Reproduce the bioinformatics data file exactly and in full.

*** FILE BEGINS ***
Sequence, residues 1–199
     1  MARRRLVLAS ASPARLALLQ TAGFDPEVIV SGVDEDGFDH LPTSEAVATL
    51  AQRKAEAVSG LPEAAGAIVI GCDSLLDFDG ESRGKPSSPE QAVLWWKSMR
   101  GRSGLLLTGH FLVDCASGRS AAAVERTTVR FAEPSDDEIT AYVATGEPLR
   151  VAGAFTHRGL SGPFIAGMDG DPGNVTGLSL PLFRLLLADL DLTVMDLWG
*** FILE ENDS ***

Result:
Sequence, residues 1–199
     1  MARRRLVLAS ASPARLALLQ TAGFDPEVIV SGVDEDGFDH LPTSEAVATL
    51  AQRKAEAVSG LPEAAGAIVI GCDSLLDFDG ESRGKPSSPE QAVLWWKSMR
   101  GRSGLLLTGH FLVDCASGRS AAAVERTTVR FAEPSDDEIT AYVATGEPLR
   151  VAGAFTHRGL SGPFIAGMDG DPGNVTGLSL PLFRLLLADL DLTVMDLWG